SSRIs Can Impair New Learning
About Anxiety

Kermit Cole
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136

Researchers from Columbia University and the New York State Psychiatric Institute test the behavioral effects of SSRIs on Pavlovian fear conditioning in rats, and propose a model by which acute SSRI administration alters neural activity in the amygdala and hippocampus in a way that reduces anxiety symptoms but impairs the ability to learn new responses anxiety. Results appear in this month’s Neuroscience.

Abstract →

Burghardt, N., Bauer, E.; Acute and Chronic Effects of SSRI Treatment on Fear Conditioning: Implications for Underlying Fear Circuits. Neuroscience. Online June 1, 2013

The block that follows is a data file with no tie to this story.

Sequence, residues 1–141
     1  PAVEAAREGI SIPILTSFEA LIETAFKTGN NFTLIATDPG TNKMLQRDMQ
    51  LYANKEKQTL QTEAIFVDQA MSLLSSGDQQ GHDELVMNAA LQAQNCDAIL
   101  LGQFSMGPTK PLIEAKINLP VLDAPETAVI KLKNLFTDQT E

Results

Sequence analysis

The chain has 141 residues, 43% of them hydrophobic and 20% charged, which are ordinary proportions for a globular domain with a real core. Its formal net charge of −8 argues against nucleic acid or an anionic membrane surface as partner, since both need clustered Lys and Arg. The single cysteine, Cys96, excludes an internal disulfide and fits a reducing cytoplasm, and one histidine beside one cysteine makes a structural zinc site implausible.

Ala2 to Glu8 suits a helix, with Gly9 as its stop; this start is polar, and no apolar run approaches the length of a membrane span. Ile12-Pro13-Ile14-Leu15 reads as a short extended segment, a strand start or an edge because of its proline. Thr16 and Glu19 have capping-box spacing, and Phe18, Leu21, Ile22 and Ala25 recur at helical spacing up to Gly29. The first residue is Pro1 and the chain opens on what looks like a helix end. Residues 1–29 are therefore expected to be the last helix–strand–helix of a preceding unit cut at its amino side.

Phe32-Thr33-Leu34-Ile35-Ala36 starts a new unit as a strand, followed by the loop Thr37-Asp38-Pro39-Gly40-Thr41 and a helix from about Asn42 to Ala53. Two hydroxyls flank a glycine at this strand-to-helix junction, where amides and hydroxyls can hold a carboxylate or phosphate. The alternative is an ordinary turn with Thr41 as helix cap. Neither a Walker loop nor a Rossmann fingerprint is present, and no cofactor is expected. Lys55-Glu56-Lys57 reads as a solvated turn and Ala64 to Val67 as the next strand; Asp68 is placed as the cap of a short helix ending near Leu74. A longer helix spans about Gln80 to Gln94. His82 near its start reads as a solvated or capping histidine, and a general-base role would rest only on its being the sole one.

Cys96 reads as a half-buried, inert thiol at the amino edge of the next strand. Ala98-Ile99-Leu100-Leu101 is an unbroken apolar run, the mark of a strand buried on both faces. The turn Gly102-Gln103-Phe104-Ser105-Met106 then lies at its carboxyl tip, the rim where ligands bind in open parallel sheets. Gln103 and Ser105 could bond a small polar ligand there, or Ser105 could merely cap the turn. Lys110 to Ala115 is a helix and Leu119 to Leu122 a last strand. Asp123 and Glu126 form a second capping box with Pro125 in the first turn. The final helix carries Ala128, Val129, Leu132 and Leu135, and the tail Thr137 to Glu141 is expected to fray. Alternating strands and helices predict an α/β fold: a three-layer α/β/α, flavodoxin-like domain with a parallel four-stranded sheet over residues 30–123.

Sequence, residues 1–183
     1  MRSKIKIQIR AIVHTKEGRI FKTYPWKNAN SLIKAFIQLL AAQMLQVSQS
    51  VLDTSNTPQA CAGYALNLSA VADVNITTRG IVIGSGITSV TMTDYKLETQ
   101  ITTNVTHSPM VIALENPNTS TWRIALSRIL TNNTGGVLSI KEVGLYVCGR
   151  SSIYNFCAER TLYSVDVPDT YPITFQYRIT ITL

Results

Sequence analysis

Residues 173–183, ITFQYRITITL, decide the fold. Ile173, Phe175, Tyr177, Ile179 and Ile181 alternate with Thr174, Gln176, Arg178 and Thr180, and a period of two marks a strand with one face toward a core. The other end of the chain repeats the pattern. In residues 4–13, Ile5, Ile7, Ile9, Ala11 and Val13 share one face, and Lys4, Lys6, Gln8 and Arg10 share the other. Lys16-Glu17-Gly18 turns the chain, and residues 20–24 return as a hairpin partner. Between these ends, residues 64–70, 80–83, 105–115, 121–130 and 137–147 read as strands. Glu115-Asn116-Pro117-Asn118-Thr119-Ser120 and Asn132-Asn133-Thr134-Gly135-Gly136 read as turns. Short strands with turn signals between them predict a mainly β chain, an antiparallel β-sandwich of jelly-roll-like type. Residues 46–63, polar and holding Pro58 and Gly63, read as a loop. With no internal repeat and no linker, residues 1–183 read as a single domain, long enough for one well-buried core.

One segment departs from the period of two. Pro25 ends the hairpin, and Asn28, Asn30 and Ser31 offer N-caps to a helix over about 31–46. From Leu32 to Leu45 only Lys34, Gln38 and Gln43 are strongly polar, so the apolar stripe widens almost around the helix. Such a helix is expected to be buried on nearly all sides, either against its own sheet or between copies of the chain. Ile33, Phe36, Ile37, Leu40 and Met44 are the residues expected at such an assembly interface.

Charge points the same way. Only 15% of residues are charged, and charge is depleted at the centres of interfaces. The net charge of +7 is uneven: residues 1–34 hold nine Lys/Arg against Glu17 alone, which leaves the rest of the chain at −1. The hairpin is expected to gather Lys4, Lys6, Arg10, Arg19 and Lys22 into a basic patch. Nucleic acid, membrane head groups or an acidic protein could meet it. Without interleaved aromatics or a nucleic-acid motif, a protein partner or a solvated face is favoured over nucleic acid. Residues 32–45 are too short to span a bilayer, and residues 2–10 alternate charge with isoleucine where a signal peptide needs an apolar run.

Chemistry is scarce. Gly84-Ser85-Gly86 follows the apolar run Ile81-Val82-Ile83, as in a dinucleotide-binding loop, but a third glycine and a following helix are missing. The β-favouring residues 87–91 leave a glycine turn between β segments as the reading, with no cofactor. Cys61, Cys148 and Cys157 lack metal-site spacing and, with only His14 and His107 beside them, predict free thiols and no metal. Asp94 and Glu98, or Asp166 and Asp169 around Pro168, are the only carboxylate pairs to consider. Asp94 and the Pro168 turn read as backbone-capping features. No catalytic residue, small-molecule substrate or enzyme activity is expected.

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Kermit Cole
Kermit Cole, MFT, founding editor of Mad in America, works in Santa Fe, New Mexico as a couples and family therapist. Inspired by Open Dialogue, he works as part of a team and consults with couples and families that have members identified as patients. His work in residential treatment — largely with severely traumatized and/or "psychotic" clients — led to an appreciation of the power and beauty of systemic philosophy and practice, as the alternative to the prevailing focus on individual pathology. A former film-maker, he has undergraduate and master's degrees in psychology from Harvard University, as well as an MFT degree from the Council for Relationships in Philadelphia. He is a doctoral candidate with the Taos Institute and the Free University of Brussels. You can reach him at [email protected]

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